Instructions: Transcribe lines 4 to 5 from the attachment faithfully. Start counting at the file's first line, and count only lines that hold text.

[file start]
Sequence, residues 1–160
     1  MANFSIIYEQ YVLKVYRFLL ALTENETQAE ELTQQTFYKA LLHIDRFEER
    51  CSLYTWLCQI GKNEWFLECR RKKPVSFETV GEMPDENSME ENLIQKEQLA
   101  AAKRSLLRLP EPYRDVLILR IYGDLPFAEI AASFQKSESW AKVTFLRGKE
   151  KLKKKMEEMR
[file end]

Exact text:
   101  AAKRSLLRLP EPYRDVLILR IYGDLPFAEI AASFQKSESW AKVTFLRGKE
   151  KLKKKMEEMR